• Painkillers
    Painkillers (acetaminophen or ibuprofen) and other drugs for children have different doses (calculated and prescribed according to their body weight, age, and other physical and medical conditions) than those of adults. Hence, it is highly recommended that you do not administer any medicine without a doctor’s consultation.
  • Numbing gels
    These gels are given to be applied on the gums for their numbing effect. They are usually applied before feeding the child to help them eat comfortably. However, excessive drooling can wash them away and they might not be of much use for your child. Also, these gels have a numbing effect on the throat which can cause difficulty in swallowing.
  • Other treatments
    Depending on your child symptoms (such as diarrhoea, vomiting, common cold, fever), the doctor will provide treatment best suited for your baby.

Note: Do not give Aspirin to babies and teenagers because it can cause Reye’s syndrome (a serious disease which causes swelling in the liver and brain). Always consult a doctor before giving medications to your child, because an overdosed medicine might act as a poison for children.

A few other conditions which are often associated (but are not normal and need medical attention) include:

  • Fever
    As mentioned above, teething is not proven to be associated with a true fever of more than 38C (100.4 F). Hence, if your baby is experiencing fever while teething, it is important to seek medical help to rule out any other underlying medical condition or infection.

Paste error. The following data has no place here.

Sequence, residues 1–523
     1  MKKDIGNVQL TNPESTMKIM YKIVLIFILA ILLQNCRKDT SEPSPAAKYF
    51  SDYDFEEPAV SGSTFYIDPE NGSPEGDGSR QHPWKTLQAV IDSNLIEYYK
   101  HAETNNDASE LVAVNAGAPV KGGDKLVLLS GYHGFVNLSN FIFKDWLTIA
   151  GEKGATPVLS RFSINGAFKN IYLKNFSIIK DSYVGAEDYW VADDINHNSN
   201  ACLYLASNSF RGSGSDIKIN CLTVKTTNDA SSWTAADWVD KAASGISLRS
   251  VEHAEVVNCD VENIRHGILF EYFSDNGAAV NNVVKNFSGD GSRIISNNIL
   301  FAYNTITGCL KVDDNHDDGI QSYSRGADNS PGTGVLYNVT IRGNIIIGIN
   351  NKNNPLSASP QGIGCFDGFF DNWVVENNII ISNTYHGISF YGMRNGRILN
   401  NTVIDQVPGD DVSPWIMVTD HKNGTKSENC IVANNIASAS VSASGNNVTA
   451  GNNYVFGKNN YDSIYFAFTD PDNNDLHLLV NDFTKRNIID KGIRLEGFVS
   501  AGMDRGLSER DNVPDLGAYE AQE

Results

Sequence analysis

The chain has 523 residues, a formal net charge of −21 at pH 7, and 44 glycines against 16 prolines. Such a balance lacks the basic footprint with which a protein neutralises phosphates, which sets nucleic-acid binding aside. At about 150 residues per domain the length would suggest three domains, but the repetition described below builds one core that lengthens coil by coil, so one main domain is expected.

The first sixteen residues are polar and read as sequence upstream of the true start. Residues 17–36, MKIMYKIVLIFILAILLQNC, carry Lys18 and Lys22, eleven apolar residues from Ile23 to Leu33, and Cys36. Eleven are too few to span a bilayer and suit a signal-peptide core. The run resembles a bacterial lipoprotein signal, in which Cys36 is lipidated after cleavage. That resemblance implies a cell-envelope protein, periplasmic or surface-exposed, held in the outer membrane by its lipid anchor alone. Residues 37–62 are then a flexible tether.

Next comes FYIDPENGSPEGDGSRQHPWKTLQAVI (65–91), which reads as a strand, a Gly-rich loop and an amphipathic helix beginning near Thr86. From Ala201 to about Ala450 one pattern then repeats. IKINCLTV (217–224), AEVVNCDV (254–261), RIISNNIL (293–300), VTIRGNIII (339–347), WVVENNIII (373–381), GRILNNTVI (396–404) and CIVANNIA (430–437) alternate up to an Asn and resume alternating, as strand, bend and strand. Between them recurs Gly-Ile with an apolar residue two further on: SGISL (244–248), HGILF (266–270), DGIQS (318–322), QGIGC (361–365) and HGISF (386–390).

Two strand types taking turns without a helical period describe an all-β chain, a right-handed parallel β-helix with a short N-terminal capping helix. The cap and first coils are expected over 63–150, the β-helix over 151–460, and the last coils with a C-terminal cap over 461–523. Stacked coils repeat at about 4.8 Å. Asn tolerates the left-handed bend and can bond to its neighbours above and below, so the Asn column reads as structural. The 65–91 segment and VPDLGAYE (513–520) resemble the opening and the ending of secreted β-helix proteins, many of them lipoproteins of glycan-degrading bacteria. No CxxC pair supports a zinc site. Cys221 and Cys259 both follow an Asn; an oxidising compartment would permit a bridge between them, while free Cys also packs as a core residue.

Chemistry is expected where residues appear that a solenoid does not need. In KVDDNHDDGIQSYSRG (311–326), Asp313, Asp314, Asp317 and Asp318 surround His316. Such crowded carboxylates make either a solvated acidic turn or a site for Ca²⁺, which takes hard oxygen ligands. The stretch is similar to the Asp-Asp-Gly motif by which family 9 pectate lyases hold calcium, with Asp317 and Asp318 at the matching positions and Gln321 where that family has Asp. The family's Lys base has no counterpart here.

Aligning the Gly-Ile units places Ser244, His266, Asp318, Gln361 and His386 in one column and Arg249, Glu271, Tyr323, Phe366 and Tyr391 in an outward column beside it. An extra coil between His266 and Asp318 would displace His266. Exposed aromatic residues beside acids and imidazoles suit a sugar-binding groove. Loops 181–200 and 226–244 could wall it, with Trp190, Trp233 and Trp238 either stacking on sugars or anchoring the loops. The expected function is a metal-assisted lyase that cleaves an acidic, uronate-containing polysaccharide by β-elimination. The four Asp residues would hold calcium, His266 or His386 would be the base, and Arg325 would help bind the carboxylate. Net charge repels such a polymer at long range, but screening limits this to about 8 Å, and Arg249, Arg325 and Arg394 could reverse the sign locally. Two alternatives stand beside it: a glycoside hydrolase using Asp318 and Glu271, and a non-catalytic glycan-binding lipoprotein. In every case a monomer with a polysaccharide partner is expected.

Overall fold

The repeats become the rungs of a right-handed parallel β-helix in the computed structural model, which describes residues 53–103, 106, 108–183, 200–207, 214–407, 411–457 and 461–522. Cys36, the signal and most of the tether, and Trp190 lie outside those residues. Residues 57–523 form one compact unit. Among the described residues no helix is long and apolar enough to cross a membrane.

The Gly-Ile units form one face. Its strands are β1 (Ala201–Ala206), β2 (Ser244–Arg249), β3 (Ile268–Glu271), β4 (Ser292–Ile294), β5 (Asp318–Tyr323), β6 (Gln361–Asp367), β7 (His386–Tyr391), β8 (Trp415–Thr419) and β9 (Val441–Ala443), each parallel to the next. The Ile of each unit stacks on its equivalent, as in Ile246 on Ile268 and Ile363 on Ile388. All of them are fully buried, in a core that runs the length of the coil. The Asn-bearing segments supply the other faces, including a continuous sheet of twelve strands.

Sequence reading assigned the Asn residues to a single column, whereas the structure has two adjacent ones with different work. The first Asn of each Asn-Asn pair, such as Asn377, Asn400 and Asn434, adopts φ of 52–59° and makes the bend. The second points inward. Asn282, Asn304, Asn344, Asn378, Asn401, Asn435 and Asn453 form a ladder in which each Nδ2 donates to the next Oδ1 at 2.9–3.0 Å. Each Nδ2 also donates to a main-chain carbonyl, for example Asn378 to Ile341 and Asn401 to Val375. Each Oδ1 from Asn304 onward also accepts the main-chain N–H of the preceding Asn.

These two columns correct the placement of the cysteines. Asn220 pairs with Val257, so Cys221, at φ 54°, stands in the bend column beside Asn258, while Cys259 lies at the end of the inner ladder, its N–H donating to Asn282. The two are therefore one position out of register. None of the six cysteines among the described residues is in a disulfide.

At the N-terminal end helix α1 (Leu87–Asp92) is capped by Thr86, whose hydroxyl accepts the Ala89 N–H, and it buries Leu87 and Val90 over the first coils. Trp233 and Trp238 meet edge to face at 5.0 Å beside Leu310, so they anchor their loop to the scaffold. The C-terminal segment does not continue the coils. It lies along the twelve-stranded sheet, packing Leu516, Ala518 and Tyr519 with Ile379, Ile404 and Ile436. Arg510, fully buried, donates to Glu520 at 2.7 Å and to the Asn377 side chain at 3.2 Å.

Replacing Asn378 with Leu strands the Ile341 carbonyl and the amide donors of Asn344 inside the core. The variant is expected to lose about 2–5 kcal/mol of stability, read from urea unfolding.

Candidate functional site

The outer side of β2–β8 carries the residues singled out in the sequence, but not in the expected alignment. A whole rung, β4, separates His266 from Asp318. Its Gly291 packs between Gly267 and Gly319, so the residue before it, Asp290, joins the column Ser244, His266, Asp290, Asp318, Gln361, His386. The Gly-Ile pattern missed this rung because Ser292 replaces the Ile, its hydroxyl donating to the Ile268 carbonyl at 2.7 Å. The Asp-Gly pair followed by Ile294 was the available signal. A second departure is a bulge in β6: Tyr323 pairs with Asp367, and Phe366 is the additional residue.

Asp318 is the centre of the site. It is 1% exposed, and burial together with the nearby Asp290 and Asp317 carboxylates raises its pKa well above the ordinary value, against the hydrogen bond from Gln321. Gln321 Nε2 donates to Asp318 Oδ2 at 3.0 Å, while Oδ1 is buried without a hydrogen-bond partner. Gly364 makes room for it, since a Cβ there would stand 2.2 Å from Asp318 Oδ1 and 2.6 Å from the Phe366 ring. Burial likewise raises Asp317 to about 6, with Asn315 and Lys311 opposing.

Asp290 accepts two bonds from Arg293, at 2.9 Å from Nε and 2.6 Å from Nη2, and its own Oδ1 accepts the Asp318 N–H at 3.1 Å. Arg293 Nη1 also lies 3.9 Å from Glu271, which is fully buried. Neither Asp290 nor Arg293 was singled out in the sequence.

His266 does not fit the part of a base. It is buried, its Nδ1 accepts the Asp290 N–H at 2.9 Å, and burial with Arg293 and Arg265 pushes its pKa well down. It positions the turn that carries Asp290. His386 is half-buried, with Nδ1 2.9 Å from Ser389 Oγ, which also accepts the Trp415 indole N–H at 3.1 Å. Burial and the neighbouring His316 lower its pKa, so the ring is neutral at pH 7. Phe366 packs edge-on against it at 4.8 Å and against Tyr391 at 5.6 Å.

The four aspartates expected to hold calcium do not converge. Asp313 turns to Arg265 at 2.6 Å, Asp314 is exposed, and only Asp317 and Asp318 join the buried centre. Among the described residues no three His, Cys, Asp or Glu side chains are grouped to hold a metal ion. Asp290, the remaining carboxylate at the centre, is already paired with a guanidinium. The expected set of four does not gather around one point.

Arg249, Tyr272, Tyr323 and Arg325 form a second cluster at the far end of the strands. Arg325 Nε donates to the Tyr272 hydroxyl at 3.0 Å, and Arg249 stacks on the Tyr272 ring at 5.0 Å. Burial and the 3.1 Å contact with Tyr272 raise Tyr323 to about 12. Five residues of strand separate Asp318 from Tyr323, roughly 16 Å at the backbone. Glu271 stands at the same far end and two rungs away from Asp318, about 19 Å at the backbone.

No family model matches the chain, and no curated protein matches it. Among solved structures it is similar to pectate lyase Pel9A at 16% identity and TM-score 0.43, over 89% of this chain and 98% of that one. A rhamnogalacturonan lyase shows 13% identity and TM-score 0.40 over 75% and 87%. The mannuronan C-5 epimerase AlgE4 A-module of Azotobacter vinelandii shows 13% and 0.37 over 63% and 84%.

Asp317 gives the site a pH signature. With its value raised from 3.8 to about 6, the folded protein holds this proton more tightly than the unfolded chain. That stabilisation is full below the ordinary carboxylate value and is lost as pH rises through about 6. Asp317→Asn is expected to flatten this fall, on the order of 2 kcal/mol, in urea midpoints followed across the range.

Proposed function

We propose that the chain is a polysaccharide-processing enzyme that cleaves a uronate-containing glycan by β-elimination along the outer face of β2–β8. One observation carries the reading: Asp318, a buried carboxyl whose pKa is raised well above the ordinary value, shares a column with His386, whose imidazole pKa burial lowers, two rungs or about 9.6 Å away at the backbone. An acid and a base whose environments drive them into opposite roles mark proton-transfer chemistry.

• Diarrhoea
    Sometimes, your child might chew on a contaminated object which can lead to infection of the lower part of the digestive system. Mild infection might cause slight stomach discomfort or pain, but a severe infection can be serious and may cause diarrhoea.
  • Vomiting
    Your baby might also gum on certain things which are contaminated and get an infection of the upper part of the digestive system. This may result in stomach pain and vomiting.  
  • Running Nose
    A runny nose is not a normal sign of teething. Your baby might have caught cold and will need treatment from a pediatrician for it.

As a concerned parent, you might want to bring comfort to your child as early as possible. However, it is common, yet dangerous, to do any of the following when your child is teething:

  • Rubbing alcohol
    Rubbing whiskey or alcohol on your child’s gum is dangerous because any form of alcohol (except for the medicated ones which are duly prescribed) is harmful to your child.
  • Clove oil
    Clove oil irritates the swollen gums and hence makes it even more difficult for your child to cope with the pain.
  • Frozen teethers
    Frozen teethers or solids exaggerate the pain and can also cause cold or a sore throat. Therefore, you are advised to give a cold (not frozen) teether or solid food, or give a teether which is at room temperature.
  • Teether necklaces
    Some teething toys can be worn in the neck, but we recommend that you avoid using them because they have a possibility of getting entangled and cause choking.
  • Unhygienic teethers
    Take good care of your child’s hygiene and do not give uncleaned or contaminated toys, washcloths or teethers to chew on. Poor hygiene will worsen your child’s condition and cause infections.

Teething is a milestone for you as well as your baby. Proper care and a gentle approach will ease your baby through this phase. Be patient, be attentive and do not leave your child crying in the best interest of his or her physical as well as psychological development.

Dr. Mayur Kumar Goyal

Dr. Mayur Kumar Goyal

10 Years of Experience

Dr. Gazi Khan

Dr. Gazi Khan

4 Years of Experience

Dr. Himanshu Bhadani

Dr. Himanshu Bhadani

1 Years of Experience

Dr. Pavan Reddy

Dr. Pavan Reddy

9 Years of Experience